Compound Exercises vs. Isolation Exercises
First of all lets discuss what Compound and Isolation Exercises are,
Compound Exercises can be described as:
Any exercise that engages two or more different joints to fully stimulate entire muscle groups and multiple muscles. So for example the Barbell (Back) Squat, is one of the most common Compound lifts.
Isolation Exercises are:
A single joint exercise, in which only the target muscle is being activated and the movements are done in a way where activation of all other muscle groups is avoided, which leaves one muscle group isolated and able to do all of the work. For example, the Bicep curl if done properly is an isolation lift.
Multi-joint movements like squats or dead lifts should make up the basis of your training. I like to talk about going back to the basics and mastering the big lifts, which happen to be the compound movements we have been talking about, getting a good technique in these movements will lead to a safe and strong platform for you to really work from going forward. However, multi-joint exercises are not always the best for training certain muscles, and that’s where the isolation exercises come into play.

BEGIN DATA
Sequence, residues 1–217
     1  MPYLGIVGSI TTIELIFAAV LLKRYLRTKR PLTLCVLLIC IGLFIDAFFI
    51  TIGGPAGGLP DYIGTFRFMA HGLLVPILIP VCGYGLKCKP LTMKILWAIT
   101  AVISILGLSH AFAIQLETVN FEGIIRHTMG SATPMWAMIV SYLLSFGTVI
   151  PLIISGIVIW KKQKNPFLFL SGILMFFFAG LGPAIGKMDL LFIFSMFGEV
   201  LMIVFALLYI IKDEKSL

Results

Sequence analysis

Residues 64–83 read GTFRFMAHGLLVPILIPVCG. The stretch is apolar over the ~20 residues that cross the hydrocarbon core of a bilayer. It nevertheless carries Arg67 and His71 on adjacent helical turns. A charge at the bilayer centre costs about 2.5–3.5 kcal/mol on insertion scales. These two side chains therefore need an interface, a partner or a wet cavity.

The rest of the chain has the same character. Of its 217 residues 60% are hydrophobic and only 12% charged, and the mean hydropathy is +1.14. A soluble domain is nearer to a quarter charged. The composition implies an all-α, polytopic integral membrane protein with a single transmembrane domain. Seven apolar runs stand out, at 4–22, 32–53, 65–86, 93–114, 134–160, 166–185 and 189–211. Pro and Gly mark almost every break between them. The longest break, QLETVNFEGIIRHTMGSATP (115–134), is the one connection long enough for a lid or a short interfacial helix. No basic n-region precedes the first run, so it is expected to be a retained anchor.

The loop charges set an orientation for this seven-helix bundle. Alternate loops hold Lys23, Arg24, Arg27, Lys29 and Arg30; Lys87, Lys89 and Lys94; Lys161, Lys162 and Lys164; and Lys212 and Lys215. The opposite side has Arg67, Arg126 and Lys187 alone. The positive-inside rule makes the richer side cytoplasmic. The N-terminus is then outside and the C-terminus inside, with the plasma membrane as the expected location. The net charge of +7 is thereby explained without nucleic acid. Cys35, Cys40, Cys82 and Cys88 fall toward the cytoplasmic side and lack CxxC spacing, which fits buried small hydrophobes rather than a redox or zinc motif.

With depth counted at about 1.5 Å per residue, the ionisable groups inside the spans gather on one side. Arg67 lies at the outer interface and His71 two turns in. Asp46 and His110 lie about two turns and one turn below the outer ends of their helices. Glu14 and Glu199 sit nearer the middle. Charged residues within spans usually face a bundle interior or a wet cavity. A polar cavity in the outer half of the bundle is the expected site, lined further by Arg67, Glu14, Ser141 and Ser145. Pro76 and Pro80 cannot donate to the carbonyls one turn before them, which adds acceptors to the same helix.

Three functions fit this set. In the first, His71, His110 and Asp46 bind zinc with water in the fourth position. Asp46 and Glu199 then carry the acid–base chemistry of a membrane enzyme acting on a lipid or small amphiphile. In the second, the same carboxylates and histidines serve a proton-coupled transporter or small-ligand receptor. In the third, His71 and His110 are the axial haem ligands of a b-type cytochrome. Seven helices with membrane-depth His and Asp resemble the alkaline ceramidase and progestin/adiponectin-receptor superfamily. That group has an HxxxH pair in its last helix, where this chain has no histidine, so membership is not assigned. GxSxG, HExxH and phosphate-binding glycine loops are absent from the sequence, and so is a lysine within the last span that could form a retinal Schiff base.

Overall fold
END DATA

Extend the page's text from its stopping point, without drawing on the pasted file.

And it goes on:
For instance, if you have weak biceps they probably aren’t going to grow to a great degree from rowing and may require some more targeted work to respond. also if you have one or two weak muscle groups that aren’t covered by the major compound lifts and you aren’t doing any isolation work at all then you’ve pretty much doomed that muscle to always being under developed.
Verdict: Emphasize compound lifts, but also incorporate single-joint exercises to strengthen and target muscles that may have been missed so that no muscle is left lagging behind the others.